3 minute read

Cut plastic: Jigsaw

by precious-plastic


The jigsaw is one of the most accessible professional tools to cut. It’s also one of the more versatile ones offering straight cuts to curves and even the possibility to make inner holes. Here we’re going to explain some tips for applying this technique on plastic. —

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    Step 1 - Stay safe

    When talking about safety we are only referring to precautions about working specifically with plastic, as it’s our thing. We assume that working with the jigsaw needs a certain level of expertise so please take all the precautions related with how the tools work.

    When cutting with the jigsaw there is danger of overheating and melting the plastic. If this happens some bad fumes could be released.

    Special attention on plastics like PS and PVC! So in order to work safer make sure to use a gas mask with ABEK filters to prevent inhaling possible toxic fumes. An easy way to identify them is to check if the filter has four colour lines (brown, grey, yellow & green).




    Step 2 - Collect the chips

    While cutting plastic with this tool, lots of chips will end up flying around the machine.

    Try to keep your working area clean and collect the chips as they can be used for further recycling. Like this you help reducing the amount of waste generated in your workspace and you save the chips from ending up as micro plastic in our environment! :)




    Step 3 - Choose the right blade

    When selecting the blade several factors have to be taken in account.

    Type: We prefer using High-Carbon Steel blades (HCS) and High-Speed Steel blades (HSS) for these jobs.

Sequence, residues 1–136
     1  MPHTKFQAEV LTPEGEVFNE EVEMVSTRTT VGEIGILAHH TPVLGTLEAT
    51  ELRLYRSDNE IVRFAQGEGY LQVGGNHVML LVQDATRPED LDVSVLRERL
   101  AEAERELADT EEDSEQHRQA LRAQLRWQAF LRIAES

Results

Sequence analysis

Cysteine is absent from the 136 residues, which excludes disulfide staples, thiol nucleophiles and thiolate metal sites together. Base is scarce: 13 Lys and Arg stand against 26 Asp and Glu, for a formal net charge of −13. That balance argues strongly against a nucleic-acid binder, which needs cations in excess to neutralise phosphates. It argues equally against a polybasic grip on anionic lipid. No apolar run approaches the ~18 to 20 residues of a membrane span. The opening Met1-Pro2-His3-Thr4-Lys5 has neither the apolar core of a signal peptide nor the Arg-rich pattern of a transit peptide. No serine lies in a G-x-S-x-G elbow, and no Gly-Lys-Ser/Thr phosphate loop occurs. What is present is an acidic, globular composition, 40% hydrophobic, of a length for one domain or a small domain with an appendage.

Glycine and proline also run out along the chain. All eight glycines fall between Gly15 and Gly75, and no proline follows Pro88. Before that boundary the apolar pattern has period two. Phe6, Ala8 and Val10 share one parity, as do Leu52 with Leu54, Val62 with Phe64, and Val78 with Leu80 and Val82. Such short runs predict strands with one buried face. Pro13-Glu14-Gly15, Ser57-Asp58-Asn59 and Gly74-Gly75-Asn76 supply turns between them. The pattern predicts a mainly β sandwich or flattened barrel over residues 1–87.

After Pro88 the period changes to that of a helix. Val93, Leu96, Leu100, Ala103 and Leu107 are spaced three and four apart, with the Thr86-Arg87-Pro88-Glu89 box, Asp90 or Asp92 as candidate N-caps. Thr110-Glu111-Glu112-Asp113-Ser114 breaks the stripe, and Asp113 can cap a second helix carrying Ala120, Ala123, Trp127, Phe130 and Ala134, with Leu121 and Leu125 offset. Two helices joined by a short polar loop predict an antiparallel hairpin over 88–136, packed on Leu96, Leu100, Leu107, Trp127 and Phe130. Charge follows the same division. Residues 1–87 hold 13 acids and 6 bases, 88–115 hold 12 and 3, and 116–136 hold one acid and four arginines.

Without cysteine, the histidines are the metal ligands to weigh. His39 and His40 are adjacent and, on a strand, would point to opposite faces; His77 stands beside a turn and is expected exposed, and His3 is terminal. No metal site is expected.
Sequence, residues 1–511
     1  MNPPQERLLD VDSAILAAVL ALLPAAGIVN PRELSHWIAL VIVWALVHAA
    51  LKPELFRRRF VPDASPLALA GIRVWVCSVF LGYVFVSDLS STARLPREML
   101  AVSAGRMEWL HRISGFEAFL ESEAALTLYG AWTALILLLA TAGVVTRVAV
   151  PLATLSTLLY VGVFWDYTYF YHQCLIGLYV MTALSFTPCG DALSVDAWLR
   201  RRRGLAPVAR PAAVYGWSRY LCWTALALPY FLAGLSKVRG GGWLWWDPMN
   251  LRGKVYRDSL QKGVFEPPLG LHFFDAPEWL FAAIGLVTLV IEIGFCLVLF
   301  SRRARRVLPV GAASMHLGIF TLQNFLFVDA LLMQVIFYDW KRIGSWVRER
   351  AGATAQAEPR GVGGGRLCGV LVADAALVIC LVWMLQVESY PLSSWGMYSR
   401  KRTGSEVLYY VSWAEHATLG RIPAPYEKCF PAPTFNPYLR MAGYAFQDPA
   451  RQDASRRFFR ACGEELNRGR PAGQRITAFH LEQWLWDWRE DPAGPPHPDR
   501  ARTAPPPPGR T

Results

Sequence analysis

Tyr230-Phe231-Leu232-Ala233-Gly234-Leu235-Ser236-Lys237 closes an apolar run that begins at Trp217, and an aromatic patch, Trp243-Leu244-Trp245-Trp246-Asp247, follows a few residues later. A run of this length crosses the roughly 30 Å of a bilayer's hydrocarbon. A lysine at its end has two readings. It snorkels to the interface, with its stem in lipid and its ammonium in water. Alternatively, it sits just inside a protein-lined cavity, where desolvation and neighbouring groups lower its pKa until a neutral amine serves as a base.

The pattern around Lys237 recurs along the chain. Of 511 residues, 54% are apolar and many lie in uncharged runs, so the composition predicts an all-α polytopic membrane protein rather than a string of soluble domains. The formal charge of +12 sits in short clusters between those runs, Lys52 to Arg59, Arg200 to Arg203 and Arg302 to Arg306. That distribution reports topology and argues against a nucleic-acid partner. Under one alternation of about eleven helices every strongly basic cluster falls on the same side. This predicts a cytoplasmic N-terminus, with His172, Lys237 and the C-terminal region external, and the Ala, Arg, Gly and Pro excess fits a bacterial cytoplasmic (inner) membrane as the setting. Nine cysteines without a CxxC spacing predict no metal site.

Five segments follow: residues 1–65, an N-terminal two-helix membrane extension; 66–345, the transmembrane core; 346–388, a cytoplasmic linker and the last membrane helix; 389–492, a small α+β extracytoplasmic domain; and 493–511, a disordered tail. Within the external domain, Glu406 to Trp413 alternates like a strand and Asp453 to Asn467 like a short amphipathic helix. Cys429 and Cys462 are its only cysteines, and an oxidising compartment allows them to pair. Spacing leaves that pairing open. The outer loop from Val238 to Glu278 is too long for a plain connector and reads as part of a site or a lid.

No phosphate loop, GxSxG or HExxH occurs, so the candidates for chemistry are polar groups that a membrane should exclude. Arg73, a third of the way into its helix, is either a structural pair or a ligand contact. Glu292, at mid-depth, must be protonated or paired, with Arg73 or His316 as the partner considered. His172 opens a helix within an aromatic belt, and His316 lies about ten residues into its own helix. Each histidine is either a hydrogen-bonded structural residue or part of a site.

Teeth per inch (TPI): For brittle materials like PS will need a relatively big amount of TPI, around 10-13, in order to allow a safe and clean cut. A smaller amount will make the work faster but rougher.
    For tough plastics like HDPE and PP we don’t need that many TPI, around 6 is good. An excessive amount of teeth will make it unnecessarily harder.

    Shape/Blade direction: The blade can point upward or downwards. It produces a smoother cut on the side of the piece that it’s cutting towards. And sometimes in brittle materials can produce chipping on the other side.
    We recommend to use blades like the ones in the image, where the cutting angle of the teeth is negative or close to zero.




    Step 4 - Cutting settings

    With our jigsaw we can choose between 5 different levels of cutting speed. For cutting plastic we want to set the speed high enough to cut easily but not low enough to prevent the plastic from melting. That’s why we set it on 4.

    For the orbital action cutting we set it at 1 or 2 for pieces up to 10mm for PS, and for pieces up to 20mm for HDPE and PP. Higher orbital actions will make the job faster and easier but won’t always guarantee a clean cut.




    Step 5 - Secure the piece firmly

    Vibrations will make the job unsafe and the cut inaccurate.

    Therefore make sure to clamp the piece firmly to the workbench. Use clamps with a rubberised jaw to prevent any scratches or marks on the sheet.

    Cut close to the workbench, to avoid as much vibration as possible and enable a stable cut.




    Step 6 - Add coolant if needed

    With thicker pieces (> 10mm) the material sometimes keeps melting while cutting, no matter what blade and setting you use.

    In this case, adding cooling while cutting the piece helps. We like using an air compressor, which blows fresh air to the blade so it doesn’t overheat too easily.

    Using both machines at the same time may be a bit difficult though, so make sure to ask for help if needed.




    Step 7 - What makes a clean cut

    Generally, when cutting plastic, the biggest issue comes with overheating the material. That generates undesired melting.

    With the right blade and cutting settings you can avoid overheating. The explained settings proved useful for us and should be a good starting point, but it might slightly change with different plastic types and tools - so feel free to test it out yourself! :)



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